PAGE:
Just when I was feeling cocky I went to Agfest, the biggest agricultural show in the state. A bookshop had asked me to sign copies at site 41 on CWA drive, a first right after the main gate. The bookshop marquee, as easy to find as to miss, was full of boxes of new and remaindered books. A white plastic table with my name, and that of two other authors, was stickytaped to the side of the plastic tent. Woodchips graced the floor.

No-one who wandered into marquee 41 in the next forty-five minutes wandered in there in search of me. Realising this immediately, yet feeling it would be rude to leave, I fell into reading Michelle Crawford’s A Table in the Orchard, an author who’d sat at the same plastic table as I had just an hour before. I read about her life in the Huon valley with a young family – keeping chickens, chopping wood, planting potatoes, making jam, being semi self-sufficient and generally finding beauty in the everyday. The flappy tent and woodchip floor faded from my mind, and I disappeared into the pages of her beautifully produced book.

That night my daughter was in tears at bedtime. What’s wrong?’ I asked, tired after the long drive and keen for some time to myself. ‘Nothing’, she said. ‘Please’, I pleaded. ‘You’ll think I’m being silly’. ‘Is it about sailing?’ I asked, hoping that it wasn’t. ‘No’, she replied, pulling away crossly. ‘You won’t understand’. Silence as I sat on the side of her bed. ‘Is it about Agfest?’ I asked, thinking that out of 1040 stalls something she and her friend had seen might have upset her. ‘Sort of’, she said. More silence.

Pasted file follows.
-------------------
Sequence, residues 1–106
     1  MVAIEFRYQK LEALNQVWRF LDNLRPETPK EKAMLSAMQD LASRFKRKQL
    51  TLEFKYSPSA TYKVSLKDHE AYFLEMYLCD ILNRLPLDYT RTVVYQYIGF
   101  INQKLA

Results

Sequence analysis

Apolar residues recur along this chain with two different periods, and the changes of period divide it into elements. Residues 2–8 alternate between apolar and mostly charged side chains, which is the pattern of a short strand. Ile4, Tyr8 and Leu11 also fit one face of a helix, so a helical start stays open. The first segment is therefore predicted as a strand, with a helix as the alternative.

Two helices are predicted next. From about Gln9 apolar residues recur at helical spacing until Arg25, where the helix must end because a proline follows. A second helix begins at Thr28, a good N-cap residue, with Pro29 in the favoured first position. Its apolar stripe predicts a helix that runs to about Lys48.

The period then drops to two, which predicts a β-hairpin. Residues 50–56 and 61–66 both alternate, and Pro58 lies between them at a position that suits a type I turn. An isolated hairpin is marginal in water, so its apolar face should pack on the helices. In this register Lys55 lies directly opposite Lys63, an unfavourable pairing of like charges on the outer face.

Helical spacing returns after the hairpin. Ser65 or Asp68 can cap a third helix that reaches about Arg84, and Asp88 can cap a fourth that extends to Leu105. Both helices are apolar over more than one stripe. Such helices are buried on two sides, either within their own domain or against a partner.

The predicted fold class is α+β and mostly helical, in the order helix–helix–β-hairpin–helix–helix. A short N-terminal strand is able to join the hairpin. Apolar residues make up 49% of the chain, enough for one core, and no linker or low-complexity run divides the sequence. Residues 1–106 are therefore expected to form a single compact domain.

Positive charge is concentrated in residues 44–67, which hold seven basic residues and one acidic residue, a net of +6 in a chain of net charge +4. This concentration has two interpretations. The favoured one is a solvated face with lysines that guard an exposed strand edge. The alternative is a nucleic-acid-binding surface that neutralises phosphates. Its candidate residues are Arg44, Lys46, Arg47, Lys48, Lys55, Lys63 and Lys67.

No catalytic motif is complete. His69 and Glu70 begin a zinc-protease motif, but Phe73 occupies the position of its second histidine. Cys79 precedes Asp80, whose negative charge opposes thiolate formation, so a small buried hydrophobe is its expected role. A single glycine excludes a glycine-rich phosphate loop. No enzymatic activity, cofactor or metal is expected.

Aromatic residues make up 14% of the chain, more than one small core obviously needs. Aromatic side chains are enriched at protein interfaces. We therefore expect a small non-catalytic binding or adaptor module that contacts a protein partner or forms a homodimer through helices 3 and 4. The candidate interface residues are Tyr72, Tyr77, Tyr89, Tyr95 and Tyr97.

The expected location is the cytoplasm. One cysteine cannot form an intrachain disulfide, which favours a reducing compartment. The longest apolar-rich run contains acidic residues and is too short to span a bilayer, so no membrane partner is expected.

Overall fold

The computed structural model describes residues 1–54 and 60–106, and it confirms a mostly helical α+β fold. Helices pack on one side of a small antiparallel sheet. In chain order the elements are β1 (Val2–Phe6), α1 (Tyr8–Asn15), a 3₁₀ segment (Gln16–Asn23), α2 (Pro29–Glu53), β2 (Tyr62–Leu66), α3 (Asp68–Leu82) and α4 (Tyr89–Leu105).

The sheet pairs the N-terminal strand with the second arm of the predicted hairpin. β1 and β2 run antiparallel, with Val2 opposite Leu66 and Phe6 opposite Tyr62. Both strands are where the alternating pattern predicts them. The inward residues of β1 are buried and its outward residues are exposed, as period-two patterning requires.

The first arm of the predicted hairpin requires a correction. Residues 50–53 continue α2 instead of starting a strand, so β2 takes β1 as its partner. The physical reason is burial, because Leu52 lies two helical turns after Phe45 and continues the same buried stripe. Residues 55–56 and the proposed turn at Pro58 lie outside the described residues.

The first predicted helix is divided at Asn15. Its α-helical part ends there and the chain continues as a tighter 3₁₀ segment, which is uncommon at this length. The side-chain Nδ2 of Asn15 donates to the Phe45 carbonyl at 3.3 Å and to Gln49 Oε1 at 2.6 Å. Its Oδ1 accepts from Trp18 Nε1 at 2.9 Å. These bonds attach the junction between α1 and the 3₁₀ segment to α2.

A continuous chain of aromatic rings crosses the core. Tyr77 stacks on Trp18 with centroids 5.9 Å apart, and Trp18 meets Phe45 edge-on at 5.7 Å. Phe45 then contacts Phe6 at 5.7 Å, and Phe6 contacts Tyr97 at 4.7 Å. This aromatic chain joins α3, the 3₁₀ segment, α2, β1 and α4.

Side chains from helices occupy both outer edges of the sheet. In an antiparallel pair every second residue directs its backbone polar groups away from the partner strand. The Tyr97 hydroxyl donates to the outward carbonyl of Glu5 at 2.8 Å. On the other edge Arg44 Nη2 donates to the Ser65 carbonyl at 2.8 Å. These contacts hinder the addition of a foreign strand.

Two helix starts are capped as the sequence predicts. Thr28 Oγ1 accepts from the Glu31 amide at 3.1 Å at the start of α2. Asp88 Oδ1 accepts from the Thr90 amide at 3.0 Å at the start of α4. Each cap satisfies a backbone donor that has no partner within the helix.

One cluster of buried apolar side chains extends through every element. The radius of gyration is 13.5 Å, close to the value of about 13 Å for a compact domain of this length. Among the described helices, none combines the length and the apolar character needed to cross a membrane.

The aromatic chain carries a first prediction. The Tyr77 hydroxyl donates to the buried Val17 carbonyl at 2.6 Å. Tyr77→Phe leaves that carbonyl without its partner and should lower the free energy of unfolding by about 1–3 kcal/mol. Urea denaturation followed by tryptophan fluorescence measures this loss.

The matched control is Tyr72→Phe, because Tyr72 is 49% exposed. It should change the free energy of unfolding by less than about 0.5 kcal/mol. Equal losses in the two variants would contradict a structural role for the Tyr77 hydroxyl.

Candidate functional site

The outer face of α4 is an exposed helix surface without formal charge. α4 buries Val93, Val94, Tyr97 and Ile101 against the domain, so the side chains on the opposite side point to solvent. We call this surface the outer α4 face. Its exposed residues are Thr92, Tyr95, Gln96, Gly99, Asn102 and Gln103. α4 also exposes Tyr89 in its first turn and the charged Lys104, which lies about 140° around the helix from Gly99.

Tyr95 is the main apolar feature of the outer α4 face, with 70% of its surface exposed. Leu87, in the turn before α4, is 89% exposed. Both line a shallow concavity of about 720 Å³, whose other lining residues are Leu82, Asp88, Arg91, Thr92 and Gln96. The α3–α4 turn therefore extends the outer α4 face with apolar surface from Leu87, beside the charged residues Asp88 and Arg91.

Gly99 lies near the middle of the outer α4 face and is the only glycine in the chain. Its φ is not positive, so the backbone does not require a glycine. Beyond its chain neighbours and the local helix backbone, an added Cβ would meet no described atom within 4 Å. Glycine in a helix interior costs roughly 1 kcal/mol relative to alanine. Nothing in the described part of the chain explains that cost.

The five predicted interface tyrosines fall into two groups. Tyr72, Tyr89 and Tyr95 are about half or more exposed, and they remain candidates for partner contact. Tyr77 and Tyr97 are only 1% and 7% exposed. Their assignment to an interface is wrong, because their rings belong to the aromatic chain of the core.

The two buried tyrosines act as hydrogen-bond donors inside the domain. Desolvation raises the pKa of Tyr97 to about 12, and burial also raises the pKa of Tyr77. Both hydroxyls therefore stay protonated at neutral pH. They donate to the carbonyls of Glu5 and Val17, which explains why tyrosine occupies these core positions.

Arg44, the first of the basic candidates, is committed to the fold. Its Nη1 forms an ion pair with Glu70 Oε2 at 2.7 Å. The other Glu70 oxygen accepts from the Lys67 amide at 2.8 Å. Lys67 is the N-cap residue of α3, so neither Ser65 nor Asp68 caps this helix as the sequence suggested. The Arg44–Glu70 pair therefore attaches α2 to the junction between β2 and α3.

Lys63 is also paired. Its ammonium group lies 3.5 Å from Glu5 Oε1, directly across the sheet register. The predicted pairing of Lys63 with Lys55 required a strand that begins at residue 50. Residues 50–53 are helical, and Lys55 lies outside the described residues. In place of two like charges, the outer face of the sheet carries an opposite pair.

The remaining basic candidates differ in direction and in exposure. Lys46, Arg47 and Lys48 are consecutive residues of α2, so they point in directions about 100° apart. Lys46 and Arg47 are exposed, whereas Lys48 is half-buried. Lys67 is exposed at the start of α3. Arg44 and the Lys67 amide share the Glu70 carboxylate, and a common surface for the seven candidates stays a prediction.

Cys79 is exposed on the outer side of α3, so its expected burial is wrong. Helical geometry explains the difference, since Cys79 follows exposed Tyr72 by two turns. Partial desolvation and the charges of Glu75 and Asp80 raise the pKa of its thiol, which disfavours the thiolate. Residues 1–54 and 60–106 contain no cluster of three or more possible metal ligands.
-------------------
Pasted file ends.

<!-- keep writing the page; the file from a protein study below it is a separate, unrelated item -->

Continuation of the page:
‘I wish’, she blurted out, ‘that I lived on a farm’. ‘But that’s a good thing to wish for’, I replied, glad it was nothing worse. ‘But you don’t understand’, she pressed.’I wish that I’d lived on a farm as a child’. ‘Oh’, I said. ‘I’m so sorry. But you know, that’s still a good longing. A lot of people I spoke to for my book felt just that way when they were growing up, and now they’re doing just that’. ‘But’, she said, crying anew, ‘I want it now’.

‘Please don’t go’, she pleaded, unconsoled. ‘But I have to go and say goodnight to Alex. He’s got exams this week’. ‘I don’t care about Alex’, she returned. After another minute crouching on the side of her bed I left her crying, feeling that I could do no more. When I checked on her, half an hour later, she was asleep, sniffling. Happy mothers day!

Greenhouse

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On the opening page of my favourite picture book a rabbit sows carrot seeds, according to the directions on the packet. Then he fills a watering can and empties it, making sure not to flood the soil. With that the day’s work is done. The next day he fills and empties the watering can again. A week passes. Nothing happens, just bare earth. A second week passes. Still no shoots. The rabbit sings songs. He does a dance. Will these carrots, he wonders, ever grow? How can there be no green shoots? Have they drunk enough? Too much? In the story’s closing pages, by which time the rabbit has given up hope, green shoots break the surface of the soil. Thinking he is seeing things, he smiles and laughs. He realises that all the while he was wringing his hands above ground, carrot seeds were quietly germinating beneath it.